ACROSS MY DESK: LibraryThing.com
From the 10 April 2006 Ancestry Weekly Journal, edited by Juliana Szucs Smith we
read about a service to assist you in cataloging the books in your personal
library using an online service
www.librarything.com described by Marnie Oakes under the category "quick
tips." This service is a lot less expensive than programs which reside on your
PC, and are also subject to hard disc failure, etc.
Here's what Marnie had to say:
"While you are spring cleaning you can catalog your library.
At LibraryThing.com you establish an account and begin adding titles by
searching for the ISBN or the author/title. LibraryThing goes out to 47+
libraries including the Library of Congress to retrieve a catalog record for
your title. If the search shows no result, you can add the information yourself.
Each book can be "tagged" with multiple tags of your choice. It could be family
surname, location in your office/home, or subject or all three.
Cataloging for the first 200 books is free. Beyond 200 the charge is $10 a year
or $25 for life. Having an online catalog of your own holdings, that can be
downloaded to an Excel spreadsheet, is good for insurance purposes, shopping,
research and LibraryThing's prime purpose, finding people who own the same books
you do (although you may keep your collection private). Imagine the
possibilities for genealogy. Have a look, but beware, you will be hooked!"
Ol' Myrt here feels one must consider this LibraryThing.com service as an
insurance option at the very least. This sort of thing would also serve to
coordinate purchasing for your local Family History Center or genealogy society
library. My research friends Audrey, Barb and I looked for something similar
several years ago, to safeguard against unnecessarily purchasing a book that one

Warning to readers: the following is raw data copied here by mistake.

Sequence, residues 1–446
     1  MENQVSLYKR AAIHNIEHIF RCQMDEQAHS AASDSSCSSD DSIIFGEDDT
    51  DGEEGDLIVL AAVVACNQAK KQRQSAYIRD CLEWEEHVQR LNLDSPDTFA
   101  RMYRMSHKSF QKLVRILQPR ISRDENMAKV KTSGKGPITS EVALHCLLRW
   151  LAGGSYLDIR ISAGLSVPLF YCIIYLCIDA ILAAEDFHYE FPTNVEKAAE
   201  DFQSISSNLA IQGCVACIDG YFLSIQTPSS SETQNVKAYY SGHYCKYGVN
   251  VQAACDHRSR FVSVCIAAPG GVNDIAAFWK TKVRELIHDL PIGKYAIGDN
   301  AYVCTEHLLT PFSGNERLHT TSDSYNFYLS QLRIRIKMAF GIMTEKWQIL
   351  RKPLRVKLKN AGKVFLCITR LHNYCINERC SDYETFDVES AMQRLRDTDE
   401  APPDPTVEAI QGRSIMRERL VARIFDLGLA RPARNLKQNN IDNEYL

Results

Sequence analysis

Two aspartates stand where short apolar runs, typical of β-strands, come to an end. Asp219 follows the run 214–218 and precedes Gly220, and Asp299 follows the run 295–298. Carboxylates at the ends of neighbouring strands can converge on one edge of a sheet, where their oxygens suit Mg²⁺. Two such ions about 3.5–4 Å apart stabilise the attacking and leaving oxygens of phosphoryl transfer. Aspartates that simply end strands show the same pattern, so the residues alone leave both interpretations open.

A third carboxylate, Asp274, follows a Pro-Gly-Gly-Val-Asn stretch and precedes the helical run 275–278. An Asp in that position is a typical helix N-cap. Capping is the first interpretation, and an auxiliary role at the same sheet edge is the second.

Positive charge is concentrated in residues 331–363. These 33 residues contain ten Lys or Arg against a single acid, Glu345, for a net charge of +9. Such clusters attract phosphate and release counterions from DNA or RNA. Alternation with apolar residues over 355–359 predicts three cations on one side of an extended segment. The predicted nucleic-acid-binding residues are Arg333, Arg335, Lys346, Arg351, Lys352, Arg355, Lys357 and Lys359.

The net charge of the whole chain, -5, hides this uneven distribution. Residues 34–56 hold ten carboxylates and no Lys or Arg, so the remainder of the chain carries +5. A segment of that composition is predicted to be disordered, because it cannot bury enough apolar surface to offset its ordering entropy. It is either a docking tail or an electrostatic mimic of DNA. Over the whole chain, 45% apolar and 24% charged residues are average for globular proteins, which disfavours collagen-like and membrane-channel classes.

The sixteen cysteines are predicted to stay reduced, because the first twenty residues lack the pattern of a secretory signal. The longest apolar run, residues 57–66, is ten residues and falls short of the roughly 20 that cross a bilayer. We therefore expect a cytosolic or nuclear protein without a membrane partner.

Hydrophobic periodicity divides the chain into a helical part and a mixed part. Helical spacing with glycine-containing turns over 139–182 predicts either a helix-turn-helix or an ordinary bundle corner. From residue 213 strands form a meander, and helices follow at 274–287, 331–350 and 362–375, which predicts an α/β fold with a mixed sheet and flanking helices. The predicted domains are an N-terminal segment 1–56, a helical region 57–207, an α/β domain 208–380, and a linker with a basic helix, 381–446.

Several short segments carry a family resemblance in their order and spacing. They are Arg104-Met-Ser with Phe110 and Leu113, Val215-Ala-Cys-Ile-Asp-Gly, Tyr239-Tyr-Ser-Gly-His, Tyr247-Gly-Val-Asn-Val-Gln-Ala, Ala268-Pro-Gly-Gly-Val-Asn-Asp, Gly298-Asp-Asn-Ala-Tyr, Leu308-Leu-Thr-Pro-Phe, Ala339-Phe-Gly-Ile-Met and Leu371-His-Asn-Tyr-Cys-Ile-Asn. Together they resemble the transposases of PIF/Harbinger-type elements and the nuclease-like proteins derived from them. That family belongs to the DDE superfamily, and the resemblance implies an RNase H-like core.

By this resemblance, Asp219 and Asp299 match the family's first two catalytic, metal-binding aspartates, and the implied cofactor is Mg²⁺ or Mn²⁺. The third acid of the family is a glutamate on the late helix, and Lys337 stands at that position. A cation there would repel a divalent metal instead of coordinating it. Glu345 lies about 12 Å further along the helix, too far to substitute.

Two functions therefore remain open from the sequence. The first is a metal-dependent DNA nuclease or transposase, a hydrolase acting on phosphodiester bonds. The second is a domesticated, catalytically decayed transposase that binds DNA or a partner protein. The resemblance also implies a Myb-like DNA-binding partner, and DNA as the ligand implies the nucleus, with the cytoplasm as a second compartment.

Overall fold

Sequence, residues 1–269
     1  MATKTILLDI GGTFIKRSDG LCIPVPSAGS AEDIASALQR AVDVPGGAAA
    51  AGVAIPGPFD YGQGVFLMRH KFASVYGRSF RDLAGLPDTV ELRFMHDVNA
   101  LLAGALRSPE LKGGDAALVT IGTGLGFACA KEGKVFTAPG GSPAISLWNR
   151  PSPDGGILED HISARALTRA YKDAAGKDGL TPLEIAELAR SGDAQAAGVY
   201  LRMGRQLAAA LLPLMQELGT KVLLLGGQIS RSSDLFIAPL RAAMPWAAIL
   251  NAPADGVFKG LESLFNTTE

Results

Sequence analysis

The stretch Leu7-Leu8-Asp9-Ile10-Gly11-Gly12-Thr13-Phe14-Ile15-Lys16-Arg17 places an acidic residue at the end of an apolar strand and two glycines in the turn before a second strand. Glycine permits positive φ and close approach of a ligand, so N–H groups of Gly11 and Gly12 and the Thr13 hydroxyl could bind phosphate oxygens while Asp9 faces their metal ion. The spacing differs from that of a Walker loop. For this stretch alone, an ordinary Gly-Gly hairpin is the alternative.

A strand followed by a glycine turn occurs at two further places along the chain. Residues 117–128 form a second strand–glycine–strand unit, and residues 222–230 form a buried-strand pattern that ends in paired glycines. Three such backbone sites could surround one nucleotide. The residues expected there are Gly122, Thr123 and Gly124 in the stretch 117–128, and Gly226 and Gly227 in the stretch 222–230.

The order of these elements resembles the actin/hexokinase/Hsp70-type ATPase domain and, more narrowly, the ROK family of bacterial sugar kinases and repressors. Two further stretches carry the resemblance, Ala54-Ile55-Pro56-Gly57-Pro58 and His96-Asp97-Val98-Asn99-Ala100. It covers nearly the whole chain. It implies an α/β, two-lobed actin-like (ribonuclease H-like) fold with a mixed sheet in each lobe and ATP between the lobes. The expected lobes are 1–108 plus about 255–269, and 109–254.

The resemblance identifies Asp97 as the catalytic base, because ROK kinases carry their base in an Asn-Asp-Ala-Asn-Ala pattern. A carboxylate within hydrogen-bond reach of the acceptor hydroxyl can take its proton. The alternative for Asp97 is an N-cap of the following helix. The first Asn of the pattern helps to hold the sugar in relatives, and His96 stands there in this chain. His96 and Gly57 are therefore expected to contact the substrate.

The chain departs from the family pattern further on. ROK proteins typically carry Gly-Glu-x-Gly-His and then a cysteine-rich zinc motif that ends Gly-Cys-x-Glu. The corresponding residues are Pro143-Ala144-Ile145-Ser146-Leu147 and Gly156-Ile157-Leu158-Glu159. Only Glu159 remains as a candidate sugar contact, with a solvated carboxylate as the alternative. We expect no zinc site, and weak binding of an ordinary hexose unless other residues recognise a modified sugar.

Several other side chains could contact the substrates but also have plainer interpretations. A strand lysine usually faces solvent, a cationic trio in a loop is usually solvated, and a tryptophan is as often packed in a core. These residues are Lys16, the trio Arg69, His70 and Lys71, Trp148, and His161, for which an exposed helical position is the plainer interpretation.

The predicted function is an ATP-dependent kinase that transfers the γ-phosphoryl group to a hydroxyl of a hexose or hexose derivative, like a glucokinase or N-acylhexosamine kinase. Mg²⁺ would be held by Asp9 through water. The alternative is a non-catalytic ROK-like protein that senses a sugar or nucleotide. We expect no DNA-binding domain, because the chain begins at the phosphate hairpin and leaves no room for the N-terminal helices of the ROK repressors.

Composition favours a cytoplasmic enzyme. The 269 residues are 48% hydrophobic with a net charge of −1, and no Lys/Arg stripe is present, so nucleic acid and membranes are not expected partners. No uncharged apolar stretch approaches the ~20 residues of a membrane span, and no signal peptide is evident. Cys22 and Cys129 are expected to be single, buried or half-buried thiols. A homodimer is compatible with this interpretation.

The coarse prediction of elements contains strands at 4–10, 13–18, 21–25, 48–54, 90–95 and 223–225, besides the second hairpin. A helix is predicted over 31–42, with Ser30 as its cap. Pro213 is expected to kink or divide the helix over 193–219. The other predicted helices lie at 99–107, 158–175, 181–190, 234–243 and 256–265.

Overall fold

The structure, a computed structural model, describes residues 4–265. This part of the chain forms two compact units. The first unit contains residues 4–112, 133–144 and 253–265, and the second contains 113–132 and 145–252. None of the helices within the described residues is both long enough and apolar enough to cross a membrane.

of the others has in her personal library. Having one Library.com account with
access by all three, including designations as to which of the three owned each
book would solve our problem. The listing of our genealogy books, CDs and tapes
would also be immediately updated and easily viewed when another member of the
group signs on to LibraryThing.com, sparing us the aggravation of merging three
excel worksheets on a periodic basis to keep everyone informed.
SOURCE CITATION NOTE:
The Ancestry.com website is apparently behind in uploading articles from the
Ancestry Weekly Journal. Pages reviewed 4/23/2006 still call the newsletter the
Ancestry Daily News, and there was no mention of this quick tip which came out
in the 10 April 2006 Ancestry Weekly Journal. My subsequent Ancestry.com library
search for the exact words "Marnie Oakes" and also "Librarything.com" (without
quote marks) returned no relevant hits. Since Ol' Myrt could not provide a link
to the above referenced quick-tip, which I received via email, I am forced to
merely assure my readers of my source, and give credit to Marnie Oakes for the
input about www.LibraryThing.com
I much prefer to partially quote an individual, and
provide a link to details for my interested readers.
Happy family tree climbing!
Your friend in genealogy.